About the Book This unique book is the first to bring together a group of influential China experts to reflect on their cultural and social encounters while travelling and living in the People’s Republic. Filling an important gap, it allows scholars, journalists, and businesspeople to reflect on their personal memories of China. Private experiences—vivid and often entirely unanticipated—often teach more about how a society actually works than a planned course of study can. Such experiences can also expose the sometimes naïve misconceptions visitors often bring with them to China. China experts relate stories that are always interesting but also more: they tell not just anecdotes but telling anecdotes. Why are there no campus maps? (Because, if you don’t know where you’re going and why, you don’t need to be here.) What’s the allure of Mickey Mouse? (He could break all sorts of rules and get away with it.) What’s a sworn brother in China? (Somebody who fights for your honor even when you’re not looking.) Covering nearly a half-century from 1971 to the present, these stories open a vivid window on a rapidly evolving China and on the zigzag learning curve of the China trippers themselves. Continue reading


We are pleased to present issue 9.1 of the Journal of the British Association for Chinese Studies.

This issue focuses on Chinese female (academic) identities in a variety of different contexts starting with a though provoking essay by Yan Wu (University of Swansea) on the experience of being a Chinese female academic in the UK.

Li Meng (Hong Kong Polytechnic University) follows by asking in what ways well-educated Chinese women are stigmatised in popular culture.  Li argues that it is the two motifs of estrangement and escape that reflect how Chinese intellectual women are represented and rendered in the Chinese popular cultural context with frequent animosity, prejudice and discrimination.

Xie Kailing (University of Warwick) investigates how gender affects the career and reproductive choices of China’s well-educated daughters, particularly those working in academia. Drawing on a sub-set of a larger data sample, Xie analyses how the existing socio-political discourse constructs a naturalised female subject bound by reproductive norms and the implication of this for women’s careers. Continue reading

Tiananmen special feature–cfp

Source: Cha Journal Blog (1/9/19)
Call for Submissions: Special Feature on Tiananmen (June 2019)

June 4th.jpeg

Photograph by Aaron Anfinson

4 June 2019 will mark thirty years since the Tiananmen Square Massacre in Beijing, when the Chinese government crushed the nascent democracy movement led by students and workers. The ensuing decades have brought tumultuous changes to the culture, politics, economics of China and the whole world. To honour the struggle of the democracy protesters, mourn their defeat, and take stock of the last three decades, Cha: An Asian Literary Journal is convening a special feature of translations and original English works, to be co-edited by Tammy Ho Lai-Ming and Lucas Klein, for publication in the June 2019 issue of the journal.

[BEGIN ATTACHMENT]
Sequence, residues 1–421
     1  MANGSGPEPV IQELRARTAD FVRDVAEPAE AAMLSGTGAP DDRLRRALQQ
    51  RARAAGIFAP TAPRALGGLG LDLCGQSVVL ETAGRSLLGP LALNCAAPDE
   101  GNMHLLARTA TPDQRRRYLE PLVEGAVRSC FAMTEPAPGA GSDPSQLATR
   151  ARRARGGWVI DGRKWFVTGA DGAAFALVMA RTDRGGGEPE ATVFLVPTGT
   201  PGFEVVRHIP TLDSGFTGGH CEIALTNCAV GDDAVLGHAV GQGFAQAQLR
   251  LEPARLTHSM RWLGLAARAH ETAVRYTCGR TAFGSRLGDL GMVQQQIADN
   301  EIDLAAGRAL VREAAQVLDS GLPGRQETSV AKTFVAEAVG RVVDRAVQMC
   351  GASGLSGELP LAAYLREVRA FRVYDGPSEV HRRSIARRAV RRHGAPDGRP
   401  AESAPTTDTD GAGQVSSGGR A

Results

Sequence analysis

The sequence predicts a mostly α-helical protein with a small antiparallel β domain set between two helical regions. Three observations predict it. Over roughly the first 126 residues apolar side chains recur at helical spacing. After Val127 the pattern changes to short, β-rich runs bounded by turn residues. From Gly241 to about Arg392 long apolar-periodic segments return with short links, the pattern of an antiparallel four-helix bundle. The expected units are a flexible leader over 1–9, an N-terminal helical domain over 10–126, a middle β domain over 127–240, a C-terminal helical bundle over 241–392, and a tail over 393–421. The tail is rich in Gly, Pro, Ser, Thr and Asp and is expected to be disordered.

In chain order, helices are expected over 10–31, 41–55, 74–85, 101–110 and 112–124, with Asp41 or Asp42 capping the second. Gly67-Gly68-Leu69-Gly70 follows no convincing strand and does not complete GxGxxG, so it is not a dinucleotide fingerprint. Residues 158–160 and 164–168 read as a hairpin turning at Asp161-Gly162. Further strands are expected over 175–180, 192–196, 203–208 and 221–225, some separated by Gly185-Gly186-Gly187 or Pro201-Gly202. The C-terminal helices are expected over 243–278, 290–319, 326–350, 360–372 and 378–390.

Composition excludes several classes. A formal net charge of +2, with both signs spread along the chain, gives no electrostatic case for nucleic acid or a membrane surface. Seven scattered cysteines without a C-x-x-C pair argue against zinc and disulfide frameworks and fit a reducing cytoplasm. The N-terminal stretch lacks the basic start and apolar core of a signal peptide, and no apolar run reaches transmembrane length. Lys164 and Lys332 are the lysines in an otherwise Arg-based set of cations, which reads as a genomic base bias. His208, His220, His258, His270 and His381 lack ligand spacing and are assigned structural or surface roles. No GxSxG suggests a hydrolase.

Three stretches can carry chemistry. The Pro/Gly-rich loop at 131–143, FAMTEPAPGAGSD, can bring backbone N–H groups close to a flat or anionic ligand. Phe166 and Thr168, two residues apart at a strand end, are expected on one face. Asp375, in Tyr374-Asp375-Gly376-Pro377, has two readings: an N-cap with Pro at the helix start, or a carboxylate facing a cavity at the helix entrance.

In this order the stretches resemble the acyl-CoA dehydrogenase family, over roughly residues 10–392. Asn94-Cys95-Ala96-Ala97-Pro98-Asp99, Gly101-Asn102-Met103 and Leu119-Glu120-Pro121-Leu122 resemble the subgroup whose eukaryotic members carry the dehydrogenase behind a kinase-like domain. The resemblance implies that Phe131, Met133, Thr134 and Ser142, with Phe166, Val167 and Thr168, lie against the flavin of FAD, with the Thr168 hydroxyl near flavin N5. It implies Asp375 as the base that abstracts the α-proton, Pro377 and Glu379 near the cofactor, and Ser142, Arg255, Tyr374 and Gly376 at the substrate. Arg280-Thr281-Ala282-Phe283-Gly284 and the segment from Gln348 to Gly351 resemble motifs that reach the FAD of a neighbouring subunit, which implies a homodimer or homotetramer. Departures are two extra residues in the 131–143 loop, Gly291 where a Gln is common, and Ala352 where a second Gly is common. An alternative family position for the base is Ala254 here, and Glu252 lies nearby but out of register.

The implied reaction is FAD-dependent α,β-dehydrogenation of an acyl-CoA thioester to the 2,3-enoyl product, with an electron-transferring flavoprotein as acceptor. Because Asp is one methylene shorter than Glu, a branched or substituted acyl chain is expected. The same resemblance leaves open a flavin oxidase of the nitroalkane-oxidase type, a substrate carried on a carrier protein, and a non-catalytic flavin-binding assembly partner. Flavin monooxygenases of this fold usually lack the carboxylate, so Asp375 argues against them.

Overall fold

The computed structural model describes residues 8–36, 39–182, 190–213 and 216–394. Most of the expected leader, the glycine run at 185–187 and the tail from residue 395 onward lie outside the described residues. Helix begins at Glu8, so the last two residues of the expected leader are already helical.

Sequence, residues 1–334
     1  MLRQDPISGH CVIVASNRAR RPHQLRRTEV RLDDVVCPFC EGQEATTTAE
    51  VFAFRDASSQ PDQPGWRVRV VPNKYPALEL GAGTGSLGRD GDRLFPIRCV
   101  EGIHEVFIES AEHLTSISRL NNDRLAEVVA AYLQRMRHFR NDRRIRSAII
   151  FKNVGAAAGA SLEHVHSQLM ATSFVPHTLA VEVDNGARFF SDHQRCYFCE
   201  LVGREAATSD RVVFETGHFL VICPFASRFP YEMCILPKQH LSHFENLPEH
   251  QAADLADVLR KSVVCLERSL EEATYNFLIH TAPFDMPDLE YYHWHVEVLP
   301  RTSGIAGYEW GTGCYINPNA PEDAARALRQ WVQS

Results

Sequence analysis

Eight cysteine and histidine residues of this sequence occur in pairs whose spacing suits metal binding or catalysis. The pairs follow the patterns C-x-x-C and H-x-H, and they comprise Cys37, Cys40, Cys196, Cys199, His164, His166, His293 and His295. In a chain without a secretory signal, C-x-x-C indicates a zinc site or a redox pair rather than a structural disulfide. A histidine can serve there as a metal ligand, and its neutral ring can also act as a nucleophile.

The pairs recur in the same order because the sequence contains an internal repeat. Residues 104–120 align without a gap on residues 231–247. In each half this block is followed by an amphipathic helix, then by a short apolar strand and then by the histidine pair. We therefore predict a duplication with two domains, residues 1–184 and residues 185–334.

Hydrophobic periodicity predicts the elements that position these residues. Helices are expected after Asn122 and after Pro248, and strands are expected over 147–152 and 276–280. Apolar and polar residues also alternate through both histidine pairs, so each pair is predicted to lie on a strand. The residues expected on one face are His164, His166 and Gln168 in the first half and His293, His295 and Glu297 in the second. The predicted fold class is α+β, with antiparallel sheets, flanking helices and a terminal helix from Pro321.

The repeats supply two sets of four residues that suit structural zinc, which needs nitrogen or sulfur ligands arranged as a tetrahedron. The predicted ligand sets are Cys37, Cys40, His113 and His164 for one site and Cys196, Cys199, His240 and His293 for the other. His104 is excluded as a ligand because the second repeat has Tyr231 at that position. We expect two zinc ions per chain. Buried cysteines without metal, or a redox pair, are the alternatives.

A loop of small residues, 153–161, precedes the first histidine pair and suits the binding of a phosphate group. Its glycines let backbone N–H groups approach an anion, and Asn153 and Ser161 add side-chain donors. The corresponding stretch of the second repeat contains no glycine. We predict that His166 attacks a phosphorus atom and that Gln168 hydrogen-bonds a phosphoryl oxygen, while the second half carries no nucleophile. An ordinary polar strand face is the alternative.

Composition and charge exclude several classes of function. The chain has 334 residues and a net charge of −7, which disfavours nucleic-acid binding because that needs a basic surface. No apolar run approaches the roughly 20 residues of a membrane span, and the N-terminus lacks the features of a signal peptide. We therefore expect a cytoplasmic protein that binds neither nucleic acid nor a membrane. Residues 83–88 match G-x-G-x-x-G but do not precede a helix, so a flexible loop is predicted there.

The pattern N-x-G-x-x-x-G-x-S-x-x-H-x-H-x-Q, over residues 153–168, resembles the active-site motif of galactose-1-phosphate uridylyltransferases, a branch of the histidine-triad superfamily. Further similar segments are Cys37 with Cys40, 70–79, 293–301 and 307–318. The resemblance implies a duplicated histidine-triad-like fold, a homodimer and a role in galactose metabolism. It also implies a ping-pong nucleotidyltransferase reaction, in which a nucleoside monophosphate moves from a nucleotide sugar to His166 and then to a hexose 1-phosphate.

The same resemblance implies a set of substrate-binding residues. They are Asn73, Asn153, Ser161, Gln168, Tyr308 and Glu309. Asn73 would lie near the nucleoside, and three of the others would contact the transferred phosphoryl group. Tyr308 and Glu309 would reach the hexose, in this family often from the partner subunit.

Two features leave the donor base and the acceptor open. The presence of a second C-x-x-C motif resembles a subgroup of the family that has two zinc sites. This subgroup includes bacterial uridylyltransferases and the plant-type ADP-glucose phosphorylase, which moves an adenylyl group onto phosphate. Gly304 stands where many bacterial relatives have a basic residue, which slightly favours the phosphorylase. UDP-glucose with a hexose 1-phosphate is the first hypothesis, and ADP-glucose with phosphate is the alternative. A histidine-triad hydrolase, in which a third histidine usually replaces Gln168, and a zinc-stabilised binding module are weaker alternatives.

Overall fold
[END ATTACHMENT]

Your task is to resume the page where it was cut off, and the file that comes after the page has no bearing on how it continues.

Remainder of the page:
We are looking for high-quality and previously unpublished poems, stories, remembrances, essays, and works of creative nonfiction, either originally written in English or translated from any of China’s languages into English, on the topic of the Tiananmen Square democracy movement and its aftermath.

Please email submissions to The subject line should read “Tiananmen—[Your name]—Genre”. The deadline for submissions is 31 March 2019. Please follow our guidelines closely.

Tensions in World Literature

New Publication
Tensions in World Literature: Between the Local and the Universal
Editor: Weigui Fang
Palgrave Macmillan, 2018

This collection gives a diversified account of world literature, examining not only the rise of the concept, but also problems such as the relation between the local and the universal, and the tensions between national culture and global ethics. In this context, it focuses on the complex relationship between Chinese literature and world literature, not only in the sense of providing an exemplary case study, but also as an introspection and re-location of Chinese literature itself. The book activates the concept of world literature at a time when it is facing the rising modern day challenges of race, class, and culture. Continue reading

Chinese Discourse of Happiness

New Publication
Chinese Discourse on Happiness
Edited by Gerda Wielander and Derek Hird
Hong Kong University Press, November 2018

[We are glad to offer a discount to MCLC members to order your book on our website.  Please enter the code ‘MCLC2019’ in the discount box of our website to enjoy 30% off when ordering the books. The offer is valid from 22 Jan – 22 Feb 2019. URL:

Happiness is on China’s agenda. From Xi Jinping’s “Chinese Dream” to online chat forums, the conspicuous references to happiness are hard to miss. This groundbreaking volume analyzes how different social groups make use of the concept and shows how closely official discourses on happiness are intertwined with popular sentiments. The Chinese Communist Party’s attempts to define happiness and well-being around family-focused Han Chinese cultural traditions clearly strike a chord with the wider population. The collection highlights the links connecting the ideologies promoted by the government and the way they inform, and are in turn informed by, various deliberations and feelings circulating in the society. Continue reading